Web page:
U.K. Triples Green Investment Bank Funding, Sets CO2 Price

The U.K. tripled funding for a new Green Investment Bank and allowed it to raise money, Chancellor of the Exchequer George Osborne said, meeting a demand made by lawmakers who said the measure was needed to spur carbon cuts.

The bank will be able to begin operations in 2012, a year earlier than planned, Osborne said today in his second budget since his Conservative Party came to power last year in a coalition with the Liberal Democrats. From 2015, it will be allowed to borrow money, he said. Osborne in October earmarked 1 billion pounds ($1.6 billion) to capitalize the institution.

“Today I commit 2 billion pounds more, funded by asset sales underwritten by the Treasury,” Osborne told lawmakers in parliament. This “will leverage an additional 15 billion pounds of private sector investment in green projects” by the next election, which is scheduled in 2015 at the latest, he said.

The government, led by Prime Minister David Cameron, is trying to deliver on a pledge to be the “greenest” ever while cutting spending to curb a record budget deficit. The chancellor also set a “floor price” for carbon-dioxide emissions and scrapped a tax on power consumers that’s meant to fund carbon capture and storage projects.

The bank is designed to spur investment in carbon emissions-cutting technologies such as wind power. Its capital is still less than the 4 billion to 6 billion pounds that the accounting firm Ernst & Young LLP said the institution should get. At least 200 billion pounds of investment is needed to shift consumers from fossil fuels to cleaner forms of energy over the next two decades, according to the multi-party Environmental Audit Committee panel of lawmakers.

‘Ramp Up’ Investment

That committee on March 11 said the Green Investment Bank could stimulate 1 trillion pounds of investments for clean energy projects as long as it was a “fully fledged bank” providing bonds, loans and insurance products and able to take equity stakes in renewable energy projects.

Companies including London-based fund manager Climate Change Capital and the accounting firm PwC praised Osborne’s decisions on the Green Bank, while opposition Labour Party leader Ed Miliband and the environmental group Greenpeace said it should be allowed to borrow immediately.

“It is a tremendously good thing that the bank will have the power to borrow mid-decade,” said Ben Caldecott, head of European policy at Climate Change Capital. “That is when the U.K.’s capital requirements for a low-carbon transition start to reach a critical point when we need to ramp up investment.”

In documents posted on line, the Treasury said the bank won’t be allowed to borrow money until the U.K.’s debt is falling as a percentage of economic output.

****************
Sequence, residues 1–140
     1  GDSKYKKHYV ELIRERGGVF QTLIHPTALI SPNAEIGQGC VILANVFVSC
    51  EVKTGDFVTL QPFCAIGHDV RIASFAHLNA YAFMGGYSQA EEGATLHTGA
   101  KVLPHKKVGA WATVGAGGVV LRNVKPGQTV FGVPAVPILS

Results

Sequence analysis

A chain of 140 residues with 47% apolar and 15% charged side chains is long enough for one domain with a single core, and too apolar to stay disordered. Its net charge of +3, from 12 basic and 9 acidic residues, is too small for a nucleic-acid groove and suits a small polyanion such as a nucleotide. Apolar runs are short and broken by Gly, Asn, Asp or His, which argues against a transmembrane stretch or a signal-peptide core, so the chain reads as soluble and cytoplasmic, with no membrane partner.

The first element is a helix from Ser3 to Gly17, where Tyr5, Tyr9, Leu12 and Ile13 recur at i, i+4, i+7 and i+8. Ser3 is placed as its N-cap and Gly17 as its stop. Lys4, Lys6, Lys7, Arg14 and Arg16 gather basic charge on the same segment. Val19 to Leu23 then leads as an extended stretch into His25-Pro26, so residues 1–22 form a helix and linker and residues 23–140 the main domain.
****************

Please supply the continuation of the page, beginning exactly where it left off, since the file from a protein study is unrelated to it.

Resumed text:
‘Lame Duck’

“The bank unveiled by George Osborne is a lame duck,” said Doug Parr, policy director at Greenpeace. “The refusal to allow it to borrow money anytime soon represents a huge missed opportunity with the price being paid in lost green growth and clean-tech jobs.”

Osborne’s decision to allow the bank to borrow resolves a debate between the Treasury and Energy and Climate Change Secretary Chris Huhne’s department over what powers to give the institution, with one option leaving it only able to distribute state money.

“It would take longer to set up a bank that can borrow immediately and you’d achieve less in the short run,” John Gibbs, a corporate finance partner at PwC, said today in an interview in London. “If the bank can get up and running in the next two years and use creatively and effectively the 3 billion pounds to then leverage 15 billion in private money, they will achieve an enormous amount.”

Carbon Floor Price

The government estimates the global market for low-carbon goods and services is 3.2 trillion pounds, a figure that’s set to rise to 4 trillion pounds in 2015. The U.K. environmental industry is worth 112 billion pounds and employs 1 million people, according to the Environmental Industries Commission, a trade group whose more than 230 members include Babcock International Group, Johnson Matthey Plc (JMAT) and Severn Trent Plc.

In a separate environmental measure, Osborne said that the minimum price to power producers for emitting carbon dioxide will be set at about 16 pounds a metric ton from April 2013, rising to 30 pounds in 2020. “Relief” will be granted to plants that use carbon capture and storage and combined heat and power technology, he said without giving further details.

Osborne said the government still intends to fund four demonstration projects for carbon capture and storage while scrapping a tax on power consumers designed to fund them. The technology, which siphons smokestack emissions for underground storage, will now be now be funded through general taxation.

To contact the reporters on this story: Alex Morales in London at amorales2@bloomberg.net Sally Bakewell in London at sbakewell1@bloomberg.net

To contact the editor responsible for this story: Reed Landberg at landberg@bloomberg.net.

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